s left by Pedro de Tovar, one of Coronado's chief lieutenants. Mota Padilla generally confirms the data furnished by the earlier documents, and adds some additional information. It is however quite impossible to determine what he gathered directly from the writings of Tovar and what he may have obtained through other and probably posterior sources. At all events the Historia de la Nueva Galicia should never be neglected by students of the Pueblo Indians.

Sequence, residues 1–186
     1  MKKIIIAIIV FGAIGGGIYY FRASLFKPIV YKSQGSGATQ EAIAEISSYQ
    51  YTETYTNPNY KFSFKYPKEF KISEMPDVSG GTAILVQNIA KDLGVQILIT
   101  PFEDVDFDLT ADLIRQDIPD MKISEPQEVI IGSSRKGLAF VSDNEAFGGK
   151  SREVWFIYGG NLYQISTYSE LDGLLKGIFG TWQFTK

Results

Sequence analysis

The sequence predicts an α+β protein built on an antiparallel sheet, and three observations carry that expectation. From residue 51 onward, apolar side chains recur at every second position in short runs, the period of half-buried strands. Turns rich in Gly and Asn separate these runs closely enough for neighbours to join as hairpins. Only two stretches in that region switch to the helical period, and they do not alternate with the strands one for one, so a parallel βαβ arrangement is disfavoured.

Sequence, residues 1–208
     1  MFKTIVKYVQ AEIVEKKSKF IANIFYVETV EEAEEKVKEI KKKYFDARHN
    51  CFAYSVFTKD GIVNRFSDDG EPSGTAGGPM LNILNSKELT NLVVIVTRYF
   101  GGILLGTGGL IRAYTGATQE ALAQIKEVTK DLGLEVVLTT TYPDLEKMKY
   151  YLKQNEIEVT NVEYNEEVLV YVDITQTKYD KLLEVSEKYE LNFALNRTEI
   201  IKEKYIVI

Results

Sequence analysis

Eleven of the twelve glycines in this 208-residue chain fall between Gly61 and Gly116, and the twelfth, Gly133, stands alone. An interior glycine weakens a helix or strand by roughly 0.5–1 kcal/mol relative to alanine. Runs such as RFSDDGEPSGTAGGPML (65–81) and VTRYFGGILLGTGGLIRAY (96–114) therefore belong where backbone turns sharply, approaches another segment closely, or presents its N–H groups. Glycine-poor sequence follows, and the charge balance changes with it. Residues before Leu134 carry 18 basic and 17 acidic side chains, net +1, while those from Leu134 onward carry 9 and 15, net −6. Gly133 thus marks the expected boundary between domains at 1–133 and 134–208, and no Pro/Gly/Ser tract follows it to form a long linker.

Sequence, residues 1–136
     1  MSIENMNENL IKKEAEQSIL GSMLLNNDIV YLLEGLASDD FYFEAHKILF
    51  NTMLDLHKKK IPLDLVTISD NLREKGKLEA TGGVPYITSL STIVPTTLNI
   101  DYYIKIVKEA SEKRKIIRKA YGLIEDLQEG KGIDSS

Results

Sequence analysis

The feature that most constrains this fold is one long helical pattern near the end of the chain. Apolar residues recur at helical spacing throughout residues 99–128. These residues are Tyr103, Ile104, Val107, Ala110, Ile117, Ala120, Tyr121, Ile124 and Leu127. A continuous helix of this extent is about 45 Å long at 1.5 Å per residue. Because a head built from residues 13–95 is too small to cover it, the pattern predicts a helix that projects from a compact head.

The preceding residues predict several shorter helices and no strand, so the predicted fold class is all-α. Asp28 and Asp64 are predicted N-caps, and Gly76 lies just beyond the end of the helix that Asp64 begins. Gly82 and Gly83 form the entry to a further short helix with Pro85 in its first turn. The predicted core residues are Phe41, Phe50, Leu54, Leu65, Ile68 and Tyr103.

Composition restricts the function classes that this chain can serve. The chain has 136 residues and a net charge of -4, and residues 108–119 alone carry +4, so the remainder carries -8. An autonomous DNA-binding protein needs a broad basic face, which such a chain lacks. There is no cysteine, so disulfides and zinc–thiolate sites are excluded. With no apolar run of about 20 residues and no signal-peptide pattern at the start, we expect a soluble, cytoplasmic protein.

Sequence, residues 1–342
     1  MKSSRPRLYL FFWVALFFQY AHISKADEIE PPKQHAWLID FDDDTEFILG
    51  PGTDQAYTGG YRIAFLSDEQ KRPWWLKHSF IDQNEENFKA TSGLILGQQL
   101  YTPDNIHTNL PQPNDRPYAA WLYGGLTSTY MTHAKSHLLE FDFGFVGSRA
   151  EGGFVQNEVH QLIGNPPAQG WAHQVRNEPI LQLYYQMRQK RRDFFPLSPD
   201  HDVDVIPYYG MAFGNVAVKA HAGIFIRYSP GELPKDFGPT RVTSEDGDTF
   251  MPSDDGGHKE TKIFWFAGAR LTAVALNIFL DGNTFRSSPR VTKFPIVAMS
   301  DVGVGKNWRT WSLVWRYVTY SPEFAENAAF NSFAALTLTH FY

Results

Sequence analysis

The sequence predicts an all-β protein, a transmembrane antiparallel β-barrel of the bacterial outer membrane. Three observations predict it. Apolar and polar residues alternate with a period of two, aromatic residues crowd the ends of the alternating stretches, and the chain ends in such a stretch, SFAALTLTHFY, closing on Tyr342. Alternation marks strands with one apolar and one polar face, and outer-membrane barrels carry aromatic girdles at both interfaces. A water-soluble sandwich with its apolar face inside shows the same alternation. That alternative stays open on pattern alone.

We now come to the two chief chroniclers of Coronado's time--both participants in his undertakings and therefore eye-witnesses: Pedro de Castañeda de Naxera and Juan Jaramillo. The fact that they were eye-witnesses establishes their high rank as authorities, but there is a difference between the two in that Castañeda was a common soldier, whereas Jaramillo (a former companion and, to a certain extent, a friend of Cortés) was an officer. This fact alone establishes a difference in the opportunities for knowing and in the st